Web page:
How to Cope with Seasonal Depression?

Roxanne Bélanger
Written by Roxanne Bélanger /

Living in Canada or northern regions inevitably means experiencing recurring seasonal changes that bring both minor and major disruptions to our daily lives. Who better than us, fellow Quebecois and Quebecoises, to know that the end of one season and the start of another is a transitional period that requires our bodies and minds to adapt?

The most challenging seasons to navigate are probably autumn and winter. Indeed, a study conducted in Canada by Patten (2017) shows a higher proportion of depressive episodes during the months of December, January, and February. In fact, the proportion in January was 70% higher than in August, which is quite significant! The colder seasons bring the end of vacations, shorter days, cold weather, an increased risk of illness, and sometimes a more challenging daily routine due to winter temperatures (such as snow removal), greater challenges when driving, and fewer events (e.g., music festivals). This also leads to a decrease in outdoor activities, which can result in a reduction in social interactions.

So, with all of these factors, it's understandable to feel less motivated and more tired. In addition to the elements mentioned above, science tells us that several factors may account for this decrease in energy and mood: genetics, melatonin (related to light), neurotransmitters like serotonin, dopamine, and norepinephrine, certain psychological aspects, and personality traits like temperament, etc. (Lam and Levitt, 1999) If you wish to delve deeper into this topic, you can consult the Canadian Consensus Guidelines for the Treatment of Seasonal Affective Disorder, which explains these causes very well.

There is, however, a major factor that may have a much more significant influence than others: our exposure to light, which would subsequently affect our circadian rhythm (Lam and Levitt, 1999). The circadian rhythm, in short, is our 24-hour internal clock that guides our body to tell it what time of day it is and then synchronizes our internal functions. This rhythm plays a significant role in regulating our sleep/wake cycle, among other things. Even though science leans towards the hypothesis of light exposure to largely explain seasonal depression, the exact cause remains uncertain.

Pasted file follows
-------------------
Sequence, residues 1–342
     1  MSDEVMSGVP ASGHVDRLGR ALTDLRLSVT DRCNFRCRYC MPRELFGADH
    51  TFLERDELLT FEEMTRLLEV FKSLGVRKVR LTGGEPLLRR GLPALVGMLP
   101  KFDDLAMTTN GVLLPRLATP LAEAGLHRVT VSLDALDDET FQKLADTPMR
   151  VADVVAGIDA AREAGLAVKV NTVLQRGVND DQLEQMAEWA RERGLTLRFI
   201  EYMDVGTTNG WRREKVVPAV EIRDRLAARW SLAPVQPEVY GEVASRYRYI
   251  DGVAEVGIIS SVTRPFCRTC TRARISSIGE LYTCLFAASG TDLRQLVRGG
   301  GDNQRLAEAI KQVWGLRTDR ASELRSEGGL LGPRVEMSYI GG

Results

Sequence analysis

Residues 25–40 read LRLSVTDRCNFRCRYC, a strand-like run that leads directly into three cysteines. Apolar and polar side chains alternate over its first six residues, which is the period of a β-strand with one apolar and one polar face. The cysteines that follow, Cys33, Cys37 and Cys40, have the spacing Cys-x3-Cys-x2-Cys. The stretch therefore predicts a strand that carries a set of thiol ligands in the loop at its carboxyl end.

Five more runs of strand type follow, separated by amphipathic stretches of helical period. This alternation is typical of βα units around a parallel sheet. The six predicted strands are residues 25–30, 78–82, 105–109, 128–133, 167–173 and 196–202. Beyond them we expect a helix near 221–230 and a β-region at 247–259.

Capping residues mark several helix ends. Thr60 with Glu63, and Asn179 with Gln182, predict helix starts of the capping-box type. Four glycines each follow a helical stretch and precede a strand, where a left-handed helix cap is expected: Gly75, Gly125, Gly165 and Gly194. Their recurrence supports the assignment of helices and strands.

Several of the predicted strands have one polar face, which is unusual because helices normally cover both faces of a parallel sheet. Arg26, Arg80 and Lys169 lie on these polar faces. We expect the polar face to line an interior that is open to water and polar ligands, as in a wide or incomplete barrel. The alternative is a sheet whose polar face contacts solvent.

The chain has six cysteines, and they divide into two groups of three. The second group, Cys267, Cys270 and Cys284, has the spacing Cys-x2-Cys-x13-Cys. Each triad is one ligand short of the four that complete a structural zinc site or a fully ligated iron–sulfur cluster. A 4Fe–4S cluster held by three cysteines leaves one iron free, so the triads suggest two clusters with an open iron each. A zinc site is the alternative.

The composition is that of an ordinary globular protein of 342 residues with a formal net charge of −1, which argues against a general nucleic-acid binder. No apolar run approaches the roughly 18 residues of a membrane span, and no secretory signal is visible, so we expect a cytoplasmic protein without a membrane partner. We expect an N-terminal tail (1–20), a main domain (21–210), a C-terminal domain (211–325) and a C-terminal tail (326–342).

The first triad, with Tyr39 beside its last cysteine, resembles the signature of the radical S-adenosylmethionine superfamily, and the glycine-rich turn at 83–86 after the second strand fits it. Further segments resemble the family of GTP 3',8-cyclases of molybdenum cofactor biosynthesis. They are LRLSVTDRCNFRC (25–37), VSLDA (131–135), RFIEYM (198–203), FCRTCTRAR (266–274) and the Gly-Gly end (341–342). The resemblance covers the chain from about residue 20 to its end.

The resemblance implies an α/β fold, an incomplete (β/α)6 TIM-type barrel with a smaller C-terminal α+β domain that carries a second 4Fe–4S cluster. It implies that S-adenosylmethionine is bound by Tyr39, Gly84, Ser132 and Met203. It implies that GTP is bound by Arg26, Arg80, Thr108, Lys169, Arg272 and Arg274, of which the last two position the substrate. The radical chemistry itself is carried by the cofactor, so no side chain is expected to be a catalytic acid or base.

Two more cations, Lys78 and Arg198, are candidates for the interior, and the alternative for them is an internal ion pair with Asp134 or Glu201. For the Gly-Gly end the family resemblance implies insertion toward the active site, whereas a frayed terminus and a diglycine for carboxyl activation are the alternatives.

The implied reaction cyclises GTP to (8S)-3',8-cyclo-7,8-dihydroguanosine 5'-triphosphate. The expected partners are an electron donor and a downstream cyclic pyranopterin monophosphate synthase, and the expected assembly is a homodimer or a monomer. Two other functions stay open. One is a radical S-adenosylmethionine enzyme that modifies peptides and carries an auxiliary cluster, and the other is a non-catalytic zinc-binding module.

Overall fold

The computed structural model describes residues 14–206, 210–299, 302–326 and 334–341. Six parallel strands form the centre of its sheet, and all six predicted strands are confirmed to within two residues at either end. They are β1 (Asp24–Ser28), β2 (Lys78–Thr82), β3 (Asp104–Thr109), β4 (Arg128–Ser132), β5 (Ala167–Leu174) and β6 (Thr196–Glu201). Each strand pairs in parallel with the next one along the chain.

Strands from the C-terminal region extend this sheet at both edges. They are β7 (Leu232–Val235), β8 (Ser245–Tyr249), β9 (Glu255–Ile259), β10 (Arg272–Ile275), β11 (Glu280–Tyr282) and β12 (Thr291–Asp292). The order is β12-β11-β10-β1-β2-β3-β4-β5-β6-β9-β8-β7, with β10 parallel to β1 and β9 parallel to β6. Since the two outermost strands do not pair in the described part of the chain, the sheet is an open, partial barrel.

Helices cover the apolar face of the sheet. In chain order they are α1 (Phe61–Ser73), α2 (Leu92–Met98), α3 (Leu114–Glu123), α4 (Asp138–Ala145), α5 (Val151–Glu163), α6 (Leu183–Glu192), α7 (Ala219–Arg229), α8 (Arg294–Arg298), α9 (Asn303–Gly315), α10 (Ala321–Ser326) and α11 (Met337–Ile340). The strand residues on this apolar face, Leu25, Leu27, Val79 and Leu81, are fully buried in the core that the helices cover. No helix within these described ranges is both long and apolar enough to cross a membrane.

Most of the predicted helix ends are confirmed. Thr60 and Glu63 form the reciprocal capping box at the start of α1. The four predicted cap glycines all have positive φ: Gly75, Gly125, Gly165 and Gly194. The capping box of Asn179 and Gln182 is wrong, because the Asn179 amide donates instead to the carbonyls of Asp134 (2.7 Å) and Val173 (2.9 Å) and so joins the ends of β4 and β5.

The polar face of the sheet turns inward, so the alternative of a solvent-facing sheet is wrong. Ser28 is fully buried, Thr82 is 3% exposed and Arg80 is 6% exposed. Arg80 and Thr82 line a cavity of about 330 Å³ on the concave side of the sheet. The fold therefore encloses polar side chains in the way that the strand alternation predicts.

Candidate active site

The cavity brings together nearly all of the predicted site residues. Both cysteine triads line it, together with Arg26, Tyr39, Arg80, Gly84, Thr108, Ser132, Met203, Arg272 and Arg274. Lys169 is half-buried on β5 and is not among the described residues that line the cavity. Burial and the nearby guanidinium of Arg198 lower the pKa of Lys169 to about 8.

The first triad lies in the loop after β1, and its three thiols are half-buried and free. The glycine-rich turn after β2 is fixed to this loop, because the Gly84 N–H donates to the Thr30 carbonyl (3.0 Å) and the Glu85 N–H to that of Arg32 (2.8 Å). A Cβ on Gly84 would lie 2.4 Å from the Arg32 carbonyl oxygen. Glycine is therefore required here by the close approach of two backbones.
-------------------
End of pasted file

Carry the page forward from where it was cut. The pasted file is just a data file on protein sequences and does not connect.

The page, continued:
What Can I Do to Get Through Seasonal Depression?

Nevertheless, there are numerous actions you can take daily to mitigate the negative impacts of the transition to the colder seasons. The number one solution, backed by scientific literature (Blehar and Lewy, 1990; Lam et al., 1989b; Rosenthal et al., 1988b; Tam et al., 1995; Wesson and Levitt, 1998), is light therapy. This involves daily exposure to light of a certain intensity, typically in the morning. For example, you could work at your desk with a 5,000 lux light in front of you for 45 to 60 minutes. However, before attempting this method, I strongly recommend discussing it with a healthcare professional, as some contraindications exist. You can find additional information about this on the University of British Columbia's website.

Aside from light therapy, the first thing to do, in my opinion, is to allow yourself the time to go through the seasonal transition period. Allowing time means giving your body the opportunity to adapt at its own pace, but it also means being understanding towards yourself and not blaming yourself for being less active during this period. Treat yourself with the same kindness as you would a dear friend going through a tough time. Then you can try incorporating the following tips into your daily life (these tips apply in all seasons):

  • Spend some outside and breathe in fresh air daily;
  • Open your curtains and expose yourself to natural daylight;
  • Try to move a bit every day (e.g., do some stretches or go for a short walk), even just for five minutes; it makes a significant difference;
  • Find one or more activities you enjoy during this season. Autumn is the perfect time for hiking, while winter offers opportunities like snowshoeing or building an igloo in the snow. Indoor sports are also a good option (badminton, swimming, martial arts);
  • Make space for activities that make you feel good, such as painting, watching movies, reading, etc. (applicable in all seasons);
  • Take this time to let your mind wander and plan activities for the upcoming summer or future trips;
  • Aim to have social interactions every week. This generally has a positive impact on well-being, mood, and energy levels.

Last but not least, stay attentive to how you feel. Autumn and winter are the seasons with the highest risk of developing seasonal depression. So, if you experience depressive symptoms (loss or increase of appetite, insomnia or increased sleep, depressed mood, etc.), or if you simply feel depressed, especially if it lasts for more than two weeks, it's important to reach out to your doctor or mental health services to discuss it.

Despite the shorter days and the end of vacations, I eagerly await the autumn colours! How about you? Will you take the opportunity to enjoy the beautiful orange landscapes that will surely bring us all a bit of warmth?

Roxanne Bélanger

B.ed, MBA

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